Recommended readings:

Bengtsen, Peter (2019), “Exploring tags through videography,” Explorations in Space and Society, No. 54, December, 2019,

11.00-11.15 Coffee break

The joy of eating in front a camera, or realizing queer Foodism visual Ethnography

I moved to Berlin in 2017, ever since then I continuously have struggled with the (German) food culture in this city. In 2021, due to the pandemic, Asian food culture has been stigmatized more than ever. Closing of borders and restaurant make it difficult to approach the authentic Chinese food experience. If we are what we eat, then who are we? I started to explore this topic through my camera which made me realize almost all my films have eating scenes, and they are more than just a scene in a film. In this session I will show my short video “Lerne Deutsch in meiner Küche“, and clips from “Beer! Beer!” to analyze how identities are built through film and food culture.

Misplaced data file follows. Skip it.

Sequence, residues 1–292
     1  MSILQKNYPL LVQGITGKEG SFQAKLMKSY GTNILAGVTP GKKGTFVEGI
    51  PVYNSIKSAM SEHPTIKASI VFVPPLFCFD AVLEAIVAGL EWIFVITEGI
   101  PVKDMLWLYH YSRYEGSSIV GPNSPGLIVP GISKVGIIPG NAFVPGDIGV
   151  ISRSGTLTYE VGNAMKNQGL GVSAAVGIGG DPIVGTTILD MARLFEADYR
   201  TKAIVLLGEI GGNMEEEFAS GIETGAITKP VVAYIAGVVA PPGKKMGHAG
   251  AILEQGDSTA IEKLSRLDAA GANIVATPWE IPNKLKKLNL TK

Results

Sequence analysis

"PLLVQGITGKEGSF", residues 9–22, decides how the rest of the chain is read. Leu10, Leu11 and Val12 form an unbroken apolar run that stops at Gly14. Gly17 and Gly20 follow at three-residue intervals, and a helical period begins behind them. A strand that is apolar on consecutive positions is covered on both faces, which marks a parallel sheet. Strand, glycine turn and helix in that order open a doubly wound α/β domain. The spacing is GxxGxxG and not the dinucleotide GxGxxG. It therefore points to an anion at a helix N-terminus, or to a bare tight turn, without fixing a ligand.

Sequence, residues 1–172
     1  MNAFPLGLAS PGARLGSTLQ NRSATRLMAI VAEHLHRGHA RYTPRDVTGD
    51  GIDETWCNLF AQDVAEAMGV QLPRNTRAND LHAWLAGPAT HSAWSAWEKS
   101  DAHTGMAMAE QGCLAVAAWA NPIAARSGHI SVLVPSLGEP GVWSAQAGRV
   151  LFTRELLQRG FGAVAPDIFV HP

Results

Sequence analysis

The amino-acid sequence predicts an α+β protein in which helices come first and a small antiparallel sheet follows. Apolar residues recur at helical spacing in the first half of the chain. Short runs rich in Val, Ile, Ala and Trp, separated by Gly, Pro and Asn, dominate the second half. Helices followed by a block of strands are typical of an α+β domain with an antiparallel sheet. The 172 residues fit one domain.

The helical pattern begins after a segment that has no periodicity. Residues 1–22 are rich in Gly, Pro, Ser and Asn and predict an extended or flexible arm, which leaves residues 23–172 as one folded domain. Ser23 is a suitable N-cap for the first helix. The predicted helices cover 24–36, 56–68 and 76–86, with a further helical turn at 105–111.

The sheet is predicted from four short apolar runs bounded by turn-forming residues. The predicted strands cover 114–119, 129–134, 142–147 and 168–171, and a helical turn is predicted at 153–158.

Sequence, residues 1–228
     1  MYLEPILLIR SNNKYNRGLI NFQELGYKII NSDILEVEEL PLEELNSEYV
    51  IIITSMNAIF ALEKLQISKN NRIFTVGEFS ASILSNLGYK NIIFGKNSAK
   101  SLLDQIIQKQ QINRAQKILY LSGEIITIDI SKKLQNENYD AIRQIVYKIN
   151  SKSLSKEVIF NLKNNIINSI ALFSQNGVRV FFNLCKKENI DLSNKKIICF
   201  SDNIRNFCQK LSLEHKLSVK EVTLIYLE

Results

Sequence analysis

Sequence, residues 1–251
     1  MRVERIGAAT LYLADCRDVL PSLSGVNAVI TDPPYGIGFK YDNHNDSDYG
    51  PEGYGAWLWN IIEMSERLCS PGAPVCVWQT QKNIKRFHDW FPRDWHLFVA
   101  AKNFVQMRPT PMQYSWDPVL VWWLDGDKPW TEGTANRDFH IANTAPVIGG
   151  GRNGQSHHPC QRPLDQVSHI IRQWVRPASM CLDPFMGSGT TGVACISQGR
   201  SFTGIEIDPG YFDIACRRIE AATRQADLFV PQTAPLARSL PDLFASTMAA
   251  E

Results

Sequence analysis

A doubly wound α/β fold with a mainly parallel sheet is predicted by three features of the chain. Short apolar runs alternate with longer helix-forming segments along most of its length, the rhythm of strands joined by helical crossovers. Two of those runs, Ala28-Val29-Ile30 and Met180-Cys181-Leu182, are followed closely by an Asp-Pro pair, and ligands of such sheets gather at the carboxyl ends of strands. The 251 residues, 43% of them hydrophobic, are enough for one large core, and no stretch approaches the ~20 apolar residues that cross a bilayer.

Fan Popo is a Berlin-based filmmaker, writer, and activist from China, where his queer documentary films have made a notable impact. Since 2016, he has concentrated on writing and directing scripted, sex-positive shorts. He is the founder of the Queer University Video Training Camp and has been an organizer of the Beijing Queer Film Festival for more than a decade.


Selected publications/work:

12.45-14.00 Lunch

14.00-15.30 Short presentations by participants

15.30-16.00 Coffee break

16.00-17.00 More short presentations and/or general discussion on themes and challenges that have emerged

Visual Methods

Date: 21-22 April

Venue: The Centre for East and South-East Asian Studies, Lund University

Contact for more information: marina [dot] svensson [at] ace [dot] lu [dot] se (Marina Svensson)